What Separates A Great Company From All The Others?
What separates a GREAT company from all the others? A positive customer experience.
Q. How is a positive customer experience different from quality?
A. Quality is a word that is exhaustively used in describing the mission of practically every business. Every business strives to provide quality products, quality services, quality talent and quality client service. But the word quality has no real meaning because everyone uses it to differentiate themselves from competitors.
The quality of a product or service is certainly important to the success or failure of a business, but it is the quality of the customer experience that separates the great from the good, first place from second place, loyal customers versus one-time customers. It is the subjective feeling a customer has about the total experience with a company. Often, a company will use price, functionality and other objective facts to demonstrate product superiority. But a bad customer experience will cause those facts to no longer be relevant in a customer’s decision. A customer’s feelings and emotions (in other words, how they were treated) becomes the determining factor in making future purchases.
Q. What is a positive customer experience?
A. A positive customer experience is all about the golden rule: “Treat others the way you want to be treated.” A positive customer experience is when the customer feels good about their buying decision, after doing business with your company.
When customers are willing to pay a little extra for your product or service, or when they are willing to drive the extra mile or wait in line, they believe the positive experience is worth it. Their loyalty is steadfast, and unwavering, in light of all other perceived benefits of competitors. The customer becomes your greatest sales and marketing voice by singing your praises even when not provoked.
Q. How do you assure a positive customer experience?
A. First, get to know your client. Take the time to get to know individual clients and their unique needs. What problems or challenges are they trying to solve? What fears and concerns will influence their decisions? Let them know that their satisfaction is your number-one priority.
Second, make your communications and customer interactions person-to-person to create a positive emotional experience. In other words, don’t let technology function as the face of your company. No one likes talking to a computer, a machine or e-mail. Reach out to make clients feel valued and that they are your only client.
Third, strive to exceed your clients’ expectations. Standard service and quality is no longer good enough. Your goal is to make your client step back and say, “WOW! THAT WAS GREAT!”
Next, deliver what was promised and create realistic expectations that you can deliver. Overselling or failing to keep a promise is a formula for an unhappy customer.
And finally, make delivering a positive customer experience part of the DNA and culture of your company.
Q. How do you know whether you’re delivering a positive customer experience?
A. The simple answer is asking the clients to tell you what they really think. Follow-up and follow-through demonstrates that you care and value their input. This is an important part of building customer loyalty and long-term customer relationships. Your customer will invest in you, if you demonstrate that you will invest in them.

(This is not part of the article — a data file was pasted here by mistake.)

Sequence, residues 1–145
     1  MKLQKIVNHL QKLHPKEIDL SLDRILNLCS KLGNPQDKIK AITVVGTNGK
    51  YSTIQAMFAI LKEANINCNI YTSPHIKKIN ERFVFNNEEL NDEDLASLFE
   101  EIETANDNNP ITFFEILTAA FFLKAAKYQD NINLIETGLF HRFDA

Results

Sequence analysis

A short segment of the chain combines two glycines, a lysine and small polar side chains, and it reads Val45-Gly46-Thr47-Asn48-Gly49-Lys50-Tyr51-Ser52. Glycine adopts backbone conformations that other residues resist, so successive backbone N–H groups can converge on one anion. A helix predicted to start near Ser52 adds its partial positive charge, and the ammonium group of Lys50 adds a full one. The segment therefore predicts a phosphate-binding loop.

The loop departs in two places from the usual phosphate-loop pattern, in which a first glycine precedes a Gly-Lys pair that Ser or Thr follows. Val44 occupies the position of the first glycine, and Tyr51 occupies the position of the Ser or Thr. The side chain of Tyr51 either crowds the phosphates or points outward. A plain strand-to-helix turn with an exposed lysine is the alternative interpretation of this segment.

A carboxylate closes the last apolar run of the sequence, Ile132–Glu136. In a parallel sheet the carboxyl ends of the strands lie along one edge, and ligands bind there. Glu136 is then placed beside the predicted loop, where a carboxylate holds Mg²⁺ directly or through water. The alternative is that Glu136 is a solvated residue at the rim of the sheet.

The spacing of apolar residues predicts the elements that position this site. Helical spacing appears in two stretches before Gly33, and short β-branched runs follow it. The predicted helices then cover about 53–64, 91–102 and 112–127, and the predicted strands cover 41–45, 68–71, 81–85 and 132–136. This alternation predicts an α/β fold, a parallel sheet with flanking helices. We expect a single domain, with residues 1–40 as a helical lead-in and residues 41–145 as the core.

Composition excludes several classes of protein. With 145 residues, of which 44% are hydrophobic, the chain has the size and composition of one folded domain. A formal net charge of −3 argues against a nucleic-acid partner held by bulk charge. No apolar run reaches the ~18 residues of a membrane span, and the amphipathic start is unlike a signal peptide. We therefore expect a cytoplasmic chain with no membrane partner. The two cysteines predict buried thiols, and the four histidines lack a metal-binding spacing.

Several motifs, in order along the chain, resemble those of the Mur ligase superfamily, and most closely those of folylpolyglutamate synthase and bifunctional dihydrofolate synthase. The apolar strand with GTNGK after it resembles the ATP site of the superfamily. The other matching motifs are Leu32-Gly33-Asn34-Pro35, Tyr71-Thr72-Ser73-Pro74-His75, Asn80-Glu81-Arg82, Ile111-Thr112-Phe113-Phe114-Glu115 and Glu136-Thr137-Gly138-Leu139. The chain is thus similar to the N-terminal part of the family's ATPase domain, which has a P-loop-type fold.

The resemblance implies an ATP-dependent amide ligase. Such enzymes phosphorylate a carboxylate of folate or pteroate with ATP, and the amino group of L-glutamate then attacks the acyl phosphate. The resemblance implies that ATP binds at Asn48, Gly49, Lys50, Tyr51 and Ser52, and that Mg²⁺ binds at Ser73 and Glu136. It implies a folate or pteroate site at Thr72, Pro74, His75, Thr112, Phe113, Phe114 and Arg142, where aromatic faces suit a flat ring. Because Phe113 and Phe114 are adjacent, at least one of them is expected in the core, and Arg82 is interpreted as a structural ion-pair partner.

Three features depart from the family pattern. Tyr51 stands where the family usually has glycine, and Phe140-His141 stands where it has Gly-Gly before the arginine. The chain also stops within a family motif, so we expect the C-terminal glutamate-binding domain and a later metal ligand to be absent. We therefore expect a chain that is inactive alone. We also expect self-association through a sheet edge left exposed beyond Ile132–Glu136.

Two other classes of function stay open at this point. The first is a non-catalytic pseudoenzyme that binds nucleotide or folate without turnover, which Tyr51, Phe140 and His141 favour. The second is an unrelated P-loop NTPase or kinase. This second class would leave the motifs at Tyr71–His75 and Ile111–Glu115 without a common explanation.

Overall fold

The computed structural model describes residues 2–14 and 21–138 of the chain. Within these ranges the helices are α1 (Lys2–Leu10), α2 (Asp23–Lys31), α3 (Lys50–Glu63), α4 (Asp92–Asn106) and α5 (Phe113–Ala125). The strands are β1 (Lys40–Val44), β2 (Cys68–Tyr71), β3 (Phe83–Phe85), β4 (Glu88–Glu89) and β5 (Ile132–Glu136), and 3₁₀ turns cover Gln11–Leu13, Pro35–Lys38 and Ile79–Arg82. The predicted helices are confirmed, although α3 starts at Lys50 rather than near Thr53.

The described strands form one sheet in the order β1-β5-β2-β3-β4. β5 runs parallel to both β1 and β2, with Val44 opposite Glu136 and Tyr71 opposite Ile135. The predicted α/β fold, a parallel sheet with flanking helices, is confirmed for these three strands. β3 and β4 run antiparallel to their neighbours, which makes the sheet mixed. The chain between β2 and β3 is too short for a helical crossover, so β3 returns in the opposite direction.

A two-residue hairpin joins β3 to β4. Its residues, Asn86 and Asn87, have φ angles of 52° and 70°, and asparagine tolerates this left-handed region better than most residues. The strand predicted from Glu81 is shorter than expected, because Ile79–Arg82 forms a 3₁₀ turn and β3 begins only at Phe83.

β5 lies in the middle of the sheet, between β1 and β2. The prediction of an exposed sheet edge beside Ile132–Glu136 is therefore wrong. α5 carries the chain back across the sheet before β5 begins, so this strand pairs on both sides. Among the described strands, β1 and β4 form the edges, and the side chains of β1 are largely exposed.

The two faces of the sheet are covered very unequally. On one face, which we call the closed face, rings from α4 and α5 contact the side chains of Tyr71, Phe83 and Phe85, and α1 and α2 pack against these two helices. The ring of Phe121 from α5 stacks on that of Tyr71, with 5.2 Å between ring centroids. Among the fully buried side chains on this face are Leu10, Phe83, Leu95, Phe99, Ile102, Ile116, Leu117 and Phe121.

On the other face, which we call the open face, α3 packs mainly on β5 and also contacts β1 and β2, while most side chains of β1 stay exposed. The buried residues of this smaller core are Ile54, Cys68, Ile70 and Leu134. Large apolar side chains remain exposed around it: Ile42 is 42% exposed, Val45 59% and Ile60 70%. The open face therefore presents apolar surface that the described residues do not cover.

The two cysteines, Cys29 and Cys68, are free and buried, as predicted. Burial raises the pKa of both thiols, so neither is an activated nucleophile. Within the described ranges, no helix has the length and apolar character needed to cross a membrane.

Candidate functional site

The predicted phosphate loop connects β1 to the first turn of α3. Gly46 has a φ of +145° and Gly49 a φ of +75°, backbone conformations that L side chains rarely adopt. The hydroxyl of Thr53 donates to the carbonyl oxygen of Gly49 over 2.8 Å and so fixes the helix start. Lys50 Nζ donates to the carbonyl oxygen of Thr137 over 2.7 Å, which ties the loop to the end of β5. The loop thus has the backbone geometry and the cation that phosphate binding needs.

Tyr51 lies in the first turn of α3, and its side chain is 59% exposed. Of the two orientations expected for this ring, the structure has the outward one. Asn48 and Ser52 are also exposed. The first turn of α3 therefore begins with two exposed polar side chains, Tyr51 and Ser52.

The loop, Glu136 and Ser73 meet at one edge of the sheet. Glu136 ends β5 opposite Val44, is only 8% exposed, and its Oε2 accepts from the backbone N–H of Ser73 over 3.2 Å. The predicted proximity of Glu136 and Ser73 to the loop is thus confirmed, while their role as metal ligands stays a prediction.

When a problem occurs, make their problem your problem. There is no such thing as perfection in a business-to-business or business- to-consumer relationship. Things just happen; things will not always work as intended. The follow-through and support after a transaction becomes the determining factor whether customers will be repeat customers. Do they feel good about how they were treated and how their problem was treated? Also, do they believe the company actually cares about customer satisfaction?
Q. Who is responsible for creating a positive customer experience?
A. Everyone in the company is responsible for creating a positive customer experience. Anytime an employee has contact with a customer, that customer forms an opinion of the person, the event and the company. Whether a customer’s opinion is right or not it doesn’t matter. If the customer has a negative impression, after any contact with your company, the efforts of other employees could be meaningless. The customer comes to you with an expectation. That expectation can be good, bad or indifferent. After a transaction, customers will feel good, bad or indifferent. Their feelings about whether their expectations were met (or not) or even exceeded will become the basis of your company’s reputation.
There are a lot of businesses that won’t survive this recession and economic crisis. Those that do will have made changes and adjustments to their business model in response to the changes in customer mindset and buying habits. The companies that succeed will have recognized that the best way to differentiate themselves from their competitors is not only on price and/or quality, but also on delivering a positive customer experience.
There is so much information available in the market, product and performance rankings, customer reviews and social media communications. Today, technology controls and determines the flow of information to the public. Customer postings on the Internet primarily relate to the customer’s experience, which has become the basis for forming a company’s reputation. A positive reputation is what separates a good company from a great company.